Developing Agritech to Build an Ecosystem
Agriculture technology brings great opportunities
  ·  2019-08-08  ·   Source: NO. 32 AUGUST 8, 2019
A farmer refills an intelligent insecticide sprayer in a demonstration plantation in Hanting District in east China's Shandong Province on July 16 (XINHUA)

Agriculture technology is the biggest opportunity left in the world and China has a great potential to drive agritech innovation and adoption, an industry expert in California said.

"Asia has the largest population increase in the world, which drives innovation. So I think that there's more opportunity in Asia, particularly China, in the next 10 years," Aaron Magenheim, founder of AgTech Insight, an agricultural and tech consulting firm based in California, the U.S., said in a recent interview.

The consultancy is currently tracking 3,000 digital agriculture companies around the world to make an impact on the world's food supply. It has been building relationships and networks in China for five years.

Digitalizing the industry—collecting farms' information and analyzing the information with machine-learning technology—is the trend that "we're seeing and that is starting to be adopted," Magenheim said.

China has been promoting artificial intelligence (AI) in the past years with the goal of making it a major new growth engine by 2020 and becoming a major AI innovation center by 2030.

With the help of AI, farmers are able to be "smarter and proactive" about their crops by determining what needs to be done without having to go out into the field, he said.

"Machine learning will help us know what we've done and how to do it better and share information on what's working and what's not," he said.

"For example, a farmer can take a picture of a crop problem and load it on a platform, which delivers a response instantly based on the vast pictures that it has analyzed," he said.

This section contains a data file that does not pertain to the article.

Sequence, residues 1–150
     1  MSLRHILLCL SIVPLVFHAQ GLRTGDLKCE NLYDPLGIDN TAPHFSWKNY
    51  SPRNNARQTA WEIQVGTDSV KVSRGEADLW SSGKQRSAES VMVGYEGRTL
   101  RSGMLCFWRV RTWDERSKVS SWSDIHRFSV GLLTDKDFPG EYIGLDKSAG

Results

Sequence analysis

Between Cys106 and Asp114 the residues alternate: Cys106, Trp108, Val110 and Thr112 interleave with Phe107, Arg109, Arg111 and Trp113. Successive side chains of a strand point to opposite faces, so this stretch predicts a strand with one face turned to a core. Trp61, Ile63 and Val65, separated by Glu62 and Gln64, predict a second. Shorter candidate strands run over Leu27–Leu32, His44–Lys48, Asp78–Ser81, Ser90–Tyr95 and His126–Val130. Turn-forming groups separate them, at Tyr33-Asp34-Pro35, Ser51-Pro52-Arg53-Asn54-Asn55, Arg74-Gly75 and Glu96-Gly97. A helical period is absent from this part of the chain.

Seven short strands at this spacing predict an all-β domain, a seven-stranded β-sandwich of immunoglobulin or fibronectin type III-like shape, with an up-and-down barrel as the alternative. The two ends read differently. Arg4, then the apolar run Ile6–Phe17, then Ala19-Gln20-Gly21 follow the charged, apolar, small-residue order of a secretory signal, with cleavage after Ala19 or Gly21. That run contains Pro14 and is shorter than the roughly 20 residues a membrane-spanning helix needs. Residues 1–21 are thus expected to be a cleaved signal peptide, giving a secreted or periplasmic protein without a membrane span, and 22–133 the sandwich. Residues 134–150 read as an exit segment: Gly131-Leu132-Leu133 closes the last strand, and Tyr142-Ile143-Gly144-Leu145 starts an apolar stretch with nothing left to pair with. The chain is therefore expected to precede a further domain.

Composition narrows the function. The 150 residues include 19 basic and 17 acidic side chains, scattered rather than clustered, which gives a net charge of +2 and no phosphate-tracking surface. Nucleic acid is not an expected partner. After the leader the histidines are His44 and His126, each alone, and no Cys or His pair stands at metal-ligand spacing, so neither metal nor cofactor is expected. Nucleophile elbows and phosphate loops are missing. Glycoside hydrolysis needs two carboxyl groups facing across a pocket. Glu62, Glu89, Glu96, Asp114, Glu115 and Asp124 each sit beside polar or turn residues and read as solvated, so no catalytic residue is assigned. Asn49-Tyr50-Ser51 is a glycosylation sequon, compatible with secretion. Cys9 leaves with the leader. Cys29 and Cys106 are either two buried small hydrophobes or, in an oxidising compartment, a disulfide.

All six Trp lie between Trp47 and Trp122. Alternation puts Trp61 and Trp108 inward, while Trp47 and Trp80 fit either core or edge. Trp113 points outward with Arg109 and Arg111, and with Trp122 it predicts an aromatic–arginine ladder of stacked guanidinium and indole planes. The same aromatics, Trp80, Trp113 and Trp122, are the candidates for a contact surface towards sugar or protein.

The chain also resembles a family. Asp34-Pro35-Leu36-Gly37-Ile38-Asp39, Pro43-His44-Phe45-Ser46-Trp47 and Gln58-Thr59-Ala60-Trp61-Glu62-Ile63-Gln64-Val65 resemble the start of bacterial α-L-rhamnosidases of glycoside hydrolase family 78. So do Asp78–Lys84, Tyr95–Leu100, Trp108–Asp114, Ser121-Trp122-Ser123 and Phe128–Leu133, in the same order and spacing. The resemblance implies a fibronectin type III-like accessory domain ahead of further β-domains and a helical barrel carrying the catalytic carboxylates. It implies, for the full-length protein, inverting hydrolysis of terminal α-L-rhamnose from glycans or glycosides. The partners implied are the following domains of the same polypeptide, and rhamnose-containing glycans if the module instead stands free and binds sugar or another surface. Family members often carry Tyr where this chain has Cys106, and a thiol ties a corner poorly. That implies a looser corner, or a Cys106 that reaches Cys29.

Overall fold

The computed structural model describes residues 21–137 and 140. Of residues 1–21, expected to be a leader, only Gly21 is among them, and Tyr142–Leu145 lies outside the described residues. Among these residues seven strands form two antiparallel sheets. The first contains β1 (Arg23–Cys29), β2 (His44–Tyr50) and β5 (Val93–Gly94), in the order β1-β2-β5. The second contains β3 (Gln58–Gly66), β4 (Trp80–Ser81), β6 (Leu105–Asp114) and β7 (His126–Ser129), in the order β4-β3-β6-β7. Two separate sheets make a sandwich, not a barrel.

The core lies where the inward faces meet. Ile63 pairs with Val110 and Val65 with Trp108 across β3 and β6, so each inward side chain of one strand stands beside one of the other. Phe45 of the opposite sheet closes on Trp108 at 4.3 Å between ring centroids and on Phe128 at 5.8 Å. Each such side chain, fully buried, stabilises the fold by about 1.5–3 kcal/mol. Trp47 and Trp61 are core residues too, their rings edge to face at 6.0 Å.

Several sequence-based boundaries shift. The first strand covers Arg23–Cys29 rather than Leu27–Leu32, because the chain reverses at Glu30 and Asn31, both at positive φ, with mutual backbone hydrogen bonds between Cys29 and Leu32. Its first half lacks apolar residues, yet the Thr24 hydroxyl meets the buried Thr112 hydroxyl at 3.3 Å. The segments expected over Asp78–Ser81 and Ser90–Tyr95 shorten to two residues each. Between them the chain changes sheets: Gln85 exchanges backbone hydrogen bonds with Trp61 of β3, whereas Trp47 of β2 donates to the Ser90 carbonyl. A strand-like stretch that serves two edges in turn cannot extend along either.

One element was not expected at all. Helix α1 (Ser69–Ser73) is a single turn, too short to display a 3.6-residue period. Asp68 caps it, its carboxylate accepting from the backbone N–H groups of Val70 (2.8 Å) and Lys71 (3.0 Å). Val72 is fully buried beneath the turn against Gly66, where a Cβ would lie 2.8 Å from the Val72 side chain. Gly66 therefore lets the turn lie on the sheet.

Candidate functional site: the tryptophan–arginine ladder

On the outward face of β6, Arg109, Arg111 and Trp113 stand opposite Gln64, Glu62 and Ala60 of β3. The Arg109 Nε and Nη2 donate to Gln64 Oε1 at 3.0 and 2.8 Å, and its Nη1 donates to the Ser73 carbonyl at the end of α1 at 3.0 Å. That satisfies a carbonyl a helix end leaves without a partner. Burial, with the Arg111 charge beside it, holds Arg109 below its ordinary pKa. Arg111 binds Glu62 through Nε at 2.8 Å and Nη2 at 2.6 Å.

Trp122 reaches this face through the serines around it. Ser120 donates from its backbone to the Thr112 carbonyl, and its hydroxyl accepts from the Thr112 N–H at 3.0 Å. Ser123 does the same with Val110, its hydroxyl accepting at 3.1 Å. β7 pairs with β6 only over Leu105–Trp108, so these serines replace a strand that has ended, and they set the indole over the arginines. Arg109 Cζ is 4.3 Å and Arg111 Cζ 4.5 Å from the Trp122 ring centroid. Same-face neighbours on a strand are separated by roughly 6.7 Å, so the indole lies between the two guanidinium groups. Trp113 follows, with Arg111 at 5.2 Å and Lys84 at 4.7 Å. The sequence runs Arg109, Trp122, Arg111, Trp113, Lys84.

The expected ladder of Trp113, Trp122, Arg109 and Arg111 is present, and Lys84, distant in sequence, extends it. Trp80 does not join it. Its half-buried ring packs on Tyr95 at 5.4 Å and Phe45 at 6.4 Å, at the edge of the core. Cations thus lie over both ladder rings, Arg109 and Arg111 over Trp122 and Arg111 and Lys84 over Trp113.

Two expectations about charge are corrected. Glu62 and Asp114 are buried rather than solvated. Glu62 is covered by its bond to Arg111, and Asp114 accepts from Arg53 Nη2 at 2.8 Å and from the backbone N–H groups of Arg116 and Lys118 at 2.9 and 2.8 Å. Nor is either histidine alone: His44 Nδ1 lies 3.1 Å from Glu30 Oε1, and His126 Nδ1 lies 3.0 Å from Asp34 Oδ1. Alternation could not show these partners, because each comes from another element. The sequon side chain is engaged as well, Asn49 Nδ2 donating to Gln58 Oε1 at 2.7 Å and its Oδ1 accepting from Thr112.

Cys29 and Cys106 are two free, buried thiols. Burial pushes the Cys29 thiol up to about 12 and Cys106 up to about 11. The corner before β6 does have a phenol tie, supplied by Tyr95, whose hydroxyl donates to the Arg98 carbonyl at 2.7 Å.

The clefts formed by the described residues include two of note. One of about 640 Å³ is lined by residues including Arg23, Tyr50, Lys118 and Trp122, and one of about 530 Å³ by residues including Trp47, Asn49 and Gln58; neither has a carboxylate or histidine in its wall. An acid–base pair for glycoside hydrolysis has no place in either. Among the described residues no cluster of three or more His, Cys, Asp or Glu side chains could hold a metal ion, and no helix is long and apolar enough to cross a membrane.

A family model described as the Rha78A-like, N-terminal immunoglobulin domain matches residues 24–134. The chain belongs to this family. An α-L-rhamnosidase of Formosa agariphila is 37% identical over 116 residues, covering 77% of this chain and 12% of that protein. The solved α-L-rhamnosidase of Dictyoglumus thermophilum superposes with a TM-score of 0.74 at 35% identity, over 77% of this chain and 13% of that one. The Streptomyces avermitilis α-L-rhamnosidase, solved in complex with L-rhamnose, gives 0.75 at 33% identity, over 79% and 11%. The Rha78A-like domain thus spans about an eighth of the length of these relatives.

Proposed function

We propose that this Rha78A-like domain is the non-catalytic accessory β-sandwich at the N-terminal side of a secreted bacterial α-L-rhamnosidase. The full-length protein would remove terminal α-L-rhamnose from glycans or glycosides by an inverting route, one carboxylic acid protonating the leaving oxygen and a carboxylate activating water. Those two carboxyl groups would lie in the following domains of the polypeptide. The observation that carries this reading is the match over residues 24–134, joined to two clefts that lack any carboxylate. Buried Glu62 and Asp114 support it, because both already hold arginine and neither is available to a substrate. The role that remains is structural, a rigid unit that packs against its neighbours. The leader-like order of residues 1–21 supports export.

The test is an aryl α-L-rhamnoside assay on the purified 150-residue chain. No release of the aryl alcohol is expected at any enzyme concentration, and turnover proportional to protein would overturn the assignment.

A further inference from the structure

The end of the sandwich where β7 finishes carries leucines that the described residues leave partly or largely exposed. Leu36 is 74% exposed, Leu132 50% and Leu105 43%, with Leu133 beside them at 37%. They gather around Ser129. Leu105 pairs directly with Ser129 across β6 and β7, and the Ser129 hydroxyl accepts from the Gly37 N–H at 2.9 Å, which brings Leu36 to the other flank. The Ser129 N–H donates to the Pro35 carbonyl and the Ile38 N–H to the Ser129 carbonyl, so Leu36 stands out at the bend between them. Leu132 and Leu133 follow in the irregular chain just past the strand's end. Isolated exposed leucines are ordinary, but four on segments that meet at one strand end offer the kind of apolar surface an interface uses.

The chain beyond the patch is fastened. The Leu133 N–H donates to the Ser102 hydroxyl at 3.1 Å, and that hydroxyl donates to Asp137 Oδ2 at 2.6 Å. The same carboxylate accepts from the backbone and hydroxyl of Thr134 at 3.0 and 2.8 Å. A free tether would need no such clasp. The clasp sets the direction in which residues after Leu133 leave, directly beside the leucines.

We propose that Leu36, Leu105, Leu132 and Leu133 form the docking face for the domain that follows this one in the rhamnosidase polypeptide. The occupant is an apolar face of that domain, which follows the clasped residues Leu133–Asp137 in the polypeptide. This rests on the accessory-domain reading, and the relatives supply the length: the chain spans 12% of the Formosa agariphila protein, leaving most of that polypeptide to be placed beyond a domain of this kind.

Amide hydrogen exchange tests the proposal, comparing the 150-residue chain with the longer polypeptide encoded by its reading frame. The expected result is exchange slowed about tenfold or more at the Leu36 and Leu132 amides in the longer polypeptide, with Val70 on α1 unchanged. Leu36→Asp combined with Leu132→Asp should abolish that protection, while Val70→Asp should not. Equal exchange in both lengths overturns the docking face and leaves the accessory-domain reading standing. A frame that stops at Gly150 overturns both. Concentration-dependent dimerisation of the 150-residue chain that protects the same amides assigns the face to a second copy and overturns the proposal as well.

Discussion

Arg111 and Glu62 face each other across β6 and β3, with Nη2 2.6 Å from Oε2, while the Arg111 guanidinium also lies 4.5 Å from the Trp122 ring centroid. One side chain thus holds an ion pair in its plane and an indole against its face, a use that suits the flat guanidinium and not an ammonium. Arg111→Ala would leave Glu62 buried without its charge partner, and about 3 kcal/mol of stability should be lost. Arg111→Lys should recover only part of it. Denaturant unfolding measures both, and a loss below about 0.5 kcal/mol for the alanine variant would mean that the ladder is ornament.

This is an example of the technologies that the United States and China can collaborate on to help improve farmers' practices and meet the world's food needs in the next decades, he said.

A challenge that most Asian countries face in adopting such technologies is the small size of farmlands.

"In most Asian countries, between 40 percent and 70 percent of their population are involved in agriculture; in the U.S., less than 2 percent of our population is involved in agriculture," Magenheim said. "So when you look at such a wide population and small farms, you know there are different needs."

"Trading apps—both to sell farm products and to buy fertilizers and other inputs—are the biggest trend in Asia that we're seeing right now," he said.

Such apps can help a small farm owner sell his produce to a restaurant, to a market or to a central location rather than just the local people that come by, he said.

The "awesome thing" with that is if a lot of small farmers use the app, they will be able to understand the market prices better, he added.

Magenheim said he has had a number of meetings with government officials at different levels in China and they have recognized agritech as "a big priority" in implementing better practices and building an ecosystem.

This is an edited excerpt of an article originally published by Xinhua News Agency

Copyedited by Sudeshna Sarkar

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